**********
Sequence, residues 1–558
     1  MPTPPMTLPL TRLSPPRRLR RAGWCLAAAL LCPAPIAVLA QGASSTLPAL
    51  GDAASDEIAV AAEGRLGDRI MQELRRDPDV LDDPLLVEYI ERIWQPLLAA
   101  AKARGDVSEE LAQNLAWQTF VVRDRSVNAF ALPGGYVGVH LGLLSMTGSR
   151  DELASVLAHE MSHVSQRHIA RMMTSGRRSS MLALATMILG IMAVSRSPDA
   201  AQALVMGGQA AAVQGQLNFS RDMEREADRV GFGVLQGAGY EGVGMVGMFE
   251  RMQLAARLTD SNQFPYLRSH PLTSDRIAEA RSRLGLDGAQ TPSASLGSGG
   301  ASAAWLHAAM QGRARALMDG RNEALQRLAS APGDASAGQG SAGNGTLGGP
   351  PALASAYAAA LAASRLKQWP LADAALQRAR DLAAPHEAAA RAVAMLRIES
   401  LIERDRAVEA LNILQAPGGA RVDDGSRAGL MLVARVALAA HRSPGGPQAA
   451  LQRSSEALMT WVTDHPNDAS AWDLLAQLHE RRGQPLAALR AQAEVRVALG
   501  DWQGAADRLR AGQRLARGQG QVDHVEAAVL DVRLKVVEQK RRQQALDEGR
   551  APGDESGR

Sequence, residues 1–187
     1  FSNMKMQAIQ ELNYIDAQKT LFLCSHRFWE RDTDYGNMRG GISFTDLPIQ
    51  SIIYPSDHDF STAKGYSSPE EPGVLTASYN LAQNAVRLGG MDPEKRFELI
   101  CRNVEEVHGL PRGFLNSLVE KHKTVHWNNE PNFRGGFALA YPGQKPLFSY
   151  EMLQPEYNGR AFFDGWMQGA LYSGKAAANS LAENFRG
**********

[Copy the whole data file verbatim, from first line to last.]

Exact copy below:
Sequence, residues 1–558
     1  MPTPPMTLPL TRLSPPRRLR RAGWCLAAAL LCPAPIAVLA QGASSTLPAL
    51  GDAASDEIAV AAEGRLGDRI MQELRRDPDV LDDPLLVEYI ERIWQPLLAA
   101  AKARGDVSEE LAQNLAWQTF VVRDRSVNAF ALPGGYVGVH LGLLSMTGSR
   151  DELASVLAHE MSHVSQRHIA RMMTSGRRSS MLALATMILG IMAVSRSPDA
   201  AQALVMGGQA AAVQGQLNFS RDMEREADRV GFGVLQGAGY EGVGMVGMFE
   251  RMQLAARLTD SNQFPYLRSH PLTSDRIAEA RSRLGLDGAQ TPSASLGSGG
   301  ASAAWLHAAM QGRARALMDG RNEALQRLAS APGDASAGQG SAGNGTLGGP
   351  PALASAYAAA LAASRLKQWP LADAALQRAR DLAAPHEAAA RAVAMLRIES
   401  LIERDRAVEA LNILQAPGGA RVDDGSRAGL MLVARVALAA HRSPGGPQAA
   451  LQRSSEALMT WVTDHPNDAS AWDLLAQLHE RRGQPLAALR AQAEVRVALG
   501  DWQGAADRLR AGQRLARGQG QVDHVEAAVL DVRLKVVEQK RRQQALDEGR
   551  APGDESGR

Sequence, residues 1–187
     1  FSNMKMQAIQ ELNYIDAQKT LFLCSHRFWE RDTDYGNMRG GISFTDLPIQ
    51  SIIYPSDHDF STAKGYSSPE EPGVLTASYN LAQNAVRLGG MDPEKRFELI
   101  CRNVEEVHGL PRGFLNSLVE KHKTVHWNNE PNFRGGFALA YPGQKPLFSY
   151  EMLQPEYNGR AFFDGWMQGA LYSGKAAANS LAENFRG